The unconventional sci-fi musical “Neptune Frost” (in theaters), from co-directors and partners Saul Williams, a seasoned New York musician and actor, and Anisia Uzeyman, a Rwandan actress and filmmaker; questions the notion of technological progress from the point of view of those who live in the places exploited to achieve it.
Set in the mountains of the African nation of Burundi, their Afrofuturistic vision, which premiered at the 2021 Cannes Film Festival, follows a former miner and an intersex hacker as they lead an uprising against oppressive forces. The realm they inhabit is one where reality and a digital interface, imbued with magical realism, intersect tactilely.
Speaking via video call from their home in Los Angeles, the duo explained some of the key concepts behind their one-of-a-kind film. Below are edited excerpts from the conversation.
“Neptune Frost” was originally slated for the stage until the producers persuaded you to turn the concept into a movie. How has the medium of cinema reshaped the project?
SAUL WILLIAMS: It allowed us to imagine what it would be like to shoot on location. We had written the story to be set in Burundi but we knew we couldn’t shoot there because of the political unrest. But in the neighboring country of Rwanda, where Anisia is from, the doors were open. We arrived there in 2016 to shoot a sizzle reel and discovered a slew of Burundian refugees in Kigali who were students, artists and activists. We were excited to show a place and faces that people haven’t really seen on screen.
ANISIA UZEYMAN: We wanted to share the existing beauty of Rwanda that I was intimate with, as well as the language. We have an ancestral tradition of poetry.
WILLIAMS: After writing the script, working with these poets and writers from Rwanda and Burundi to translate the text into Kinyarwanda and Kirundi was an extraordinary experience. The film allowed us to share much more than the scene would have done.
In creating this complex narrative, were you inspired by specific historical events relevant to Burundi or broader ideas about neocolonialism in Africa?
WILLIAMS: When we started conceptualizing the project in 2011, the Arab Spring, Chelsea Manning and WikiLeaks were underway. On the continent, American evangelists have arrived in countries like Tanzania, Kenya and Uganda, offering money to pass anti-LGBT laws. We were also learning about e-waste camps [in Africa], places where our technology will die, village-sized camps with stacks of motherboards, keyboards and towers. We learned of their close connection to the mining industry and the irony that digital technology is so deeply rooted in analog mining.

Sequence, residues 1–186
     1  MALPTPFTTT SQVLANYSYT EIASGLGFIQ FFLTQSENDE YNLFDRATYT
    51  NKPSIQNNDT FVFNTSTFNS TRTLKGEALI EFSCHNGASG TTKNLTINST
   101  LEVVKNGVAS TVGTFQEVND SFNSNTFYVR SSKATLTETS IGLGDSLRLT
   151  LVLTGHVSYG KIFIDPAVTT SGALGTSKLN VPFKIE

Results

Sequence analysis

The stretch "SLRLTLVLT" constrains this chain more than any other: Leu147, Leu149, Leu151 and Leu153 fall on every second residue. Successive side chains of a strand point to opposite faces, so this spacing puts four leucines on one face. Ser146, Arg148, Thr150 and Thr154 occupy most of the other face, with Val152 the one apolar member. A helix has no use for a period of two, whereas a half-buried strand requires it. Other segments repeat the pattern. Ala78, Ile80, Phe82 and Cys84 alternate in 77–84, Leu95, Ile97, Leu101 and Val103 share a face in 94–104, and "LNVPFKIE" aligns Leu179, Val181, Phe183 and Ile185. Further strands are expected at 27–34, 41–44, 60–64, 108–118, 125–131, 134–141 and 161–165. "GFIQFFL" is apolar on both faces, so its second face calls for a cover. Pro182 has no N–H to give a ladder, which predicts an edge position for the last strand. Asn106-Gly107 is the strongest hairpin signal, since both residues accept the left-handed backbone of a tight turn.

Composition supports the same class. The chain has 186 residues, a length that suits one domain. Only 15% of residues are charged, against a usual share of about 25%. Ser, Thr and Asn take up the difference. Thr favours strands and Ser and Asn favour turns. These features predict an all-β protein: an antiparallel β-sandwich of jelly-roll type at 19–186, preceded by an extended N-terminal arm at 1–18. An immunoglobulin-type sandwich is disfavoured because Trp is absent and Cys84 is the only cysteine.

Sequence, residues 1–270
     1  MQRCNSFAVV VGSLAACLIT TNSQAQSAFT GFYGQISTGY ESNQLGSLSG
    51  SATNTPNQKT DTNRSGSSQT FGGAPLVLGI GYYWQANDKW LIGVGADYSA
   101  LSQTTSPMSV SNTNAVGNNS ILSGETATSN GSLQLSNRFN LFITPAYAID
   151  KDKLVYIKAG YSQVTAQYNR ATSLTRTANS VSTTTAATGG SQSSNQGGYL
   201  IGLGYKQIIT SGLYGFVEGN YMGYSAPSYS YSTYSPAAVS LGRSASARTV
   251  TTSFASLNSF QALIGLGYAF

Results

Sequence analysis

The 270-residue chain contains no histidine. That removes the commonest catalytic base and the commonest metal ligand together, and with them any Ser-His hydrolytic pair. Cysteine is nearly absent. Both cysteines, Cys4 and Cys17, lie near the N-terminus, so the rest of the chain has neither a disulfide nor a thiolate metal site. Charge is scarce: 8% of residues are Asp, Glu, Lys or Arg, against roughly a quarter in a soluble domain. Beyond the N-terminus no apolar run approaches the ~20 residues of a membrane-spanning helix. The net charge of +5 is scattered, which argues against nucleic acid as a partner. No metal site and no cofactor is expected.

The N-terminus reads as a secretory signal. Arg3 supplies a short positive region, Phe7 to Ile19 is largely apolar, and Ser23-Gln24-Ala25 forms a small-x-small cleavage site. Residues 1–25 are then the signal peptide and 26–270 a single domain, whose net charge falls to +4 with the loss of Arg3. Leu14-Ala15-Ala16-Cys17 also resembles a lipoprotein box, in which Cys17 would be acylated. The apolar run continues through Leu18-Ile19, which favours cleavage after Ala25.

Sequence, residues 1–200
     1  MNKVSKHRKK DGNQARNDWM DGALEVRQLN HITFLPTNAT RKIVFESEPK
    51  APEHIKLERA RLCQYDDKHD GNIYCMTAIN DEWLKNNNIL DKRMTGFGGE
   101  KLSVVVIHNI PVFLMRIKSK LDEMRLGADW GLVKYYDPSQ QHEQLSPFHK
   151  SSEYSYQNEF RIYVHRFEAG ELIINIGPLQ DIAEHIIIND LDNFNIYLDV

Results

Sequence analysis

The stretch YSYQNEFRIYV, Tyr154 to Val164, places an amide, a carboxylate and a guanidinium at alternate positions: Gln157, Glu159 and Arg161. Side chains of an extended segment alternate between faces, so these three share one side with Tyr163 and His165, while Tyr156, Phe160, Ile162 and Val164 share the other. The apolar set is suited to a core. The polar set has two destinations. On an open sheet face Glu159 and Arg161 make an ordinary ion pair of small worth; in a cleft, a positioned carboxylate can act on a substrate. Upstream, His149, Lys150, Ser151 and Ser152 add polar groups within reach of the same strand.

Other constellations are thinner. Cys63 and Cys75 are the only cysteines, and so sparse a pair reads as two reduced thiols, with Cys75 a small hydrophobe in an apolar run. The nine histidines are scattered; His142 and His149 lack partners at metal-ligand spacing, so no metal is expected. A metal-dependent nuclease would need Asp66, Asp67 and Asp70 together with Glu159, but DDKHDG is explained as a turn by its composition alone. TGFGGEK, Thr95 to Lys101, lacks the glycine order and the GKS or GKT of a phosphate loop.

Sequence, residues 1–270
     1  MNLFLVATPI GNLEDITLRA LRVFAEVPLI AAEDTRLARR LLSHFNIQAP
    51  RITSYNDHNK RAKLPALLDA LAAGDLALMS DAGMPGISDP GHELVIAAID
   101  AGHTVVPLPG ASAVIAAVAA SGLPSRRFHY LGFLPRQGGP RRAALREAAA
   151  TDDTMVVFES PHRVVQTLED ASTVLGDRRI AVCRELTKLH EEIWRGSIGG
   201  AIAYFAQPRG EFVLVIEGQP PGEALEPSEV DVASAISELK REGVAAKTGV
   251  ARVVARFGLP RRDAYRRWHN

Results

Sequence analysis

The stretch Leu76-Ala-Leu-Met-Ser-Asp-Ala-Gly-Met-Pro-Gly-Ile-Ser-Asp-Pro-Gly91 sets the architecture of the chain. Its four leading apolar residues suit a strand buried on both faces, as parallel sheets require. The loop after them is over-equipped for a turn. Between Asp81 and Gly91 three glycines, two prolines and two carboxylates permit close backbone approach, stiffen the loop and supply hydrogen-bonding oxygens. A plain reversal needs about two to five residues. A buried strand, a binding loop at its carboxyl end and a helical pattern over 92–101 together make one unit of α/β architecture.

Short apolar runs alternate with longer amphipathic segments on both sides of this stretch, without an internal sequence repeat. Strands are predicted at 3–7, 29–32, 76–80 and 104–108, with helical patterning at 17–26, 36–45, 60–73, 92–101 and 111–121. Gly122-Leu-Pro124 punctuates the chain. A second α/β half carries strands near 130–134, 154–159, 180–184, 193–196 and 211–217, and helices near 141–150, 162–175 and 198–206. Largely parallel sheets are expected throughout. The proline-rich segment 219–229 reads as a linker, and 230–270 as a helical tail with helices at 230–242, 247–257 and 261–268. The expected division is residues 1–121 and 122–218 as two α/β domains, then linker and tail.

This is related to what has been happening on this continent for centuries. We wake up every morning and say, “I can’t start my day without my coffee”, not knowing where that coffee comes from, where the rubber in your tires comes from, where the stuff that makes your computer. . The spirit of protest in the film comes from what was happening while we were writing it. We wanted to incorporate these things and connect the dots between these disparate ideas and show how they were all part of the same timeline.
Since the music here represents an integral narrative aspect, can you explain the thought process behind its composition?
WILLIAMS: The music came first. I grew up with musicals and one of the goals was to make one that matched the musical interests that were part of my exploration as an artist. I was interested in polyrhythm because we were linking drum rhythms to coding as the drums themselves were used for wireless communication. We were playing with the idea of drum coding in terms of computer programming, and the exploration of what is beyond the binary in the question of genre.
UZEYMAN: The music was also a great way to communicate with the actors who are all singers and musicians. They have this very privileged relationship to rhythm. It was a way to work on their own understanding of the characters they were playing and how their voices evolve over the story.
There is a striking visual quality to the costumes and set designs that are both supernatural and recognizable, how were they designed?
UZEYMAN: We met Cédric Mizero, the young designer behind these costumes and sets, in 2016 in Rwanda. After hearing the story we wanted to tell, he came back the next morning with sandals made from motherboards. Cédric’s work also inspired the writing of the film because he was already working with people in the village to recycle and transform materials considered waste into art installations and zero waste mode.
WILLIAMS: For example, making backpacks out of water canisters or using African wooden sculptures as guns that we used in the film.
How does Afrofuturist art, which weaves folklore and culture into futuristic tropes, allow you to approach today’s issues from a decolonized perspective?
WILLIAMS: There is something experienced and understood about the fluidity of things in Indigenous cultures that transcends Western projection. These things have been part of reality and narrative in Africa and elsewhere for a long time, but the rigidity of Western lack of imagination has closed the doors to these ancient myths and mythologies. It is crucial for us not to participate in the pornography of poverty or the expectations white people have of Africa.
UZEYMAN: From the perspective of artists on the continent, what’s important is the ability to tell any story we want to tell, not the story you expect us to tell or the story you’re willing to fund. We want to tell all the stories from our point of view – science fiction or historical dramas – freed from Western framing.